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[ft-l] A pleasant Sunday hike

Sandy and I were out again on Sunday.  We headed for Split Oak Preserve in 
southeast Orlando.  We hiked the outer perimeter of the north and south loops 
and then hiked the center trail that links the two loops, a total of about 8 
miles.  The weather was nice with sunshine and fresh air aplenty.

Images from the hike:

Life abounding after the land soaks up the needed rains, grasshoppers, toads 
and butterflies adorning the trail: hopping, jumping, flitting about in 
joyous exultation of Nature's fecundity.

Two sandhill cranes with six foot wingspans soaring in formation overhead.

A small black racer slithering through a puddle in the trail, our third snake 
sighting in as many hiking days.

A medium sized alligator, posing in a trailside swamp, but exploding away 
before Sandy could get a good pic.  The splash sounding suspiciously like one 
Sandy heard nearby while wading in knee-deep water at the Wild Persimmon 
Trail on Friday.

More wading in the southern loop.  For about two miles we descend into swampy 
conditions.  Only one choice if we want to keep hiking!  I find that, with 
the right shoes and socks, it is enjoyable to experience the squish of mud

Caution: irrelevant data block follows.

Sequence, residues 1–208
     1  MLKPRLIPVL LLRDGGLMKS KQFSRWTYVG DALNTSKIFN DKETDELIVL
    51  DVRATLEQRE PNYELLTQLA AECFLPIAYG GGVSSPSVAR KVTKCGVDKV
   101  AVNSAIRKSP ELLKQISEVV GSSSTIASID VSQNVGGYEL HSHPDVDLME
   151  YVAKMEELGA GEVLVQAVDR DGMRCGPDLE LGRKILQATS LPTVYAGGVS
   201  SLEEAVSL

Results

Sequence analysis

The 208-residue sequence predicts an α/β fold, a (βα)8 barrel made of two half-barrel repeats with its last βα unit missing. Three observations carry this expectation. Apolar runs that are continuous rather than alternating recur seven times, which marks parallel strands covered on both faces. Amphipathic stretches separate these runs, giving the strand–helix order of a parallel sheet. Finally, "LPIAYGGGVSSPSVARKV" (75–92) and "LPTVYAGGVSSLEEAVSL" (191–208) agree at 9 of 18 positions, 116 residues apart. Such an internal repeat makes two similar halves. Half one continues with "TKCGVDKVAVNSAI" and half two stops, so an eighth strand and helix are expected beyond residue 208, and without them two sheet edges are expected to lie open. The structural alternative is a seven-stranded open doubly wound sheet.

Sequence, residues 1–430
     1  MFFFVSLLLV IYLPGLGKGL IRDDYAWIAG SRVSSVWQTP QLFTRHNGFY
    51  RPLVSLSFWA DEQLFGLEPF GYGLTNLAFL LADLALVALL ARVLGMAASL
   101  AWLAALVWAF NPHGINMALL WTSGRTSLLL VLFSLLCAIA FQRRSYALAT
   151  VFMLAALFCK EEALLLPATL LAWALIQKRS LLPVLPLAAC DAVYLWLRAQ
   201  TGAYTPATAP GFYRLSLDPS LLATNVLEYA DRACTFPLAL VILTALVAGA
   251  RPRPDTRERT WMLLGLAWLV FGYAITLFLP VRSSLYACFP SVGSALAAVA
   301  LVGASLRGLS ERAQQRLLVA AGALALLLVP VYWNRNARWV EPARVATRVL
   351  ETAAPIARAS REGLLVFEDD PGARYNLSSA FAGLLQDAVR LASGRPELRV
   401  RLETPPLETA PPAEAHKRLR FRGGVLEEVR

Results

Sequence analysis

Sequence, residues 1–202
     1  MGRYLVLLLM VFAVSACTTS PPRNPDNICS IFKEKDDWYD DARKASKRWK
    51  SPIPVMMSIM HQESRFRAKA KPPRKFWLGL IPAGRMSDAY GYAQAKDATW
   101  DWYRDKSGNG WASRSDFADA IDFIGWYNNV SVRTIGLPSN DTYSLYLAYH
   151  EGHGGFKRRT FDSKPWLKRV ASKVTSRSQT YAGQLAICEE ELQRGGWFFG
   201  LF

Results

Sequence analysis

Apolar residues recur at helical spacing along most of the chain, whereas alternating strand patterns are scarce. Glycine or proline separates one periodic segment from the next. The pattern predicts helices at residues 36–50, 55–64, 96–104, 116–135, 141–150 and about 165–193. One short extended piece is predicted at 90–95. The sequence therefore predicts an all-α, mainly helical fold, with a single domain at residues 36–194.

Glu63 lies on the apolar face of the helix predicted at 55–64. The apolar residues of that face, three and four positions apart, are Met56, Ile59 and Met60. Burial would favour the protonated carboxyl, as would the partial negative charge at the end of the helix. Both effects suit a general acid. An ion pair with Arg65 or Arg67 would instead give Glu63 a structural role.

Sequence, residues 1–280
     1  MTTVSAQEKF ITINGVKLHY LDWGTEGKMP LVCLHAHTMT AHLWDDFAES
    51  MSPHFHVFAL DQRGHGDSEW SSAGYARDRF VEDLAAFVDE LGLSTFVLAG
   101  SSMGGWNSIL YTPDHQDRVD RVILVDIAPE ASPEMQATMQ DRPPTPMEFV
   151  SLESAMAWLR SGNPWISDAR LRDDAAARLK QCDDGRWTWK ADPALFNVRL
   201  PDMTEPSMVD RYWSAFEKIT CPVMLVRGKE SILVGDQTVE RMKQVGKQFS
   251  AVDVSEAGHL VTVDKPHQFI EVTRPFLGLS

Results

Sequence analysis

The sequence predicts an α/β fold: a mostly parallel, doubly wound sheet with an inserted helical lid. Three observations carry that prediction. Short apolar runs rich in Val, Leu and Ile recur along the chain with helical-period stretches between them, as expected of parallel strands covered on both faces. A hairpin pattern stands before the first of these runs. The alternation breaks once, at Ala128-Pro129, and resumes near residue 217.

beneath my bootsoles and the cool squish of water inside the boots.  It's a 
zen-like experience, much like hiking the rock-strewn AT in eastern 
Pennsylvania.  Learning acceptance when out in Nature is one of the lessons 
we hikers must learn.  Our real world existence allows us to control our 
comfort and environment to an amazing degree.  Nature requires us to adjust 
to it, a blessing that sets us free when we learn it.  So I say, bring on the 
water, rain, mosquitoes!  You'll never hear me whine about anything Nature 
dishes out.

Two double trunked longleaf pines, a rare and wonderful sight.

Two boardwalks, one fronting a lake, the other a prairie, with comfy benches 
for wildlife viewing, or just contemplation, or to take a load off weary feet.

Finally, Split Oak itself, a two hundred year old live oak which split and 
fell about fifty years ago.  Nature, with her infinite ingenuity and 
patience, converting minor lateral branches into about a dozen new trunks.  
Each taking the shape of a separate tree, but still being fed by one of the 
two split root systems of the original tree.  In the old days you could hike 
between the two halves, but the county has wisely cordoned off the tree to 
keep it healthy for future generations to admire.

Anybody else hiking out there?

Happy trails,

Solar Bear and Navigator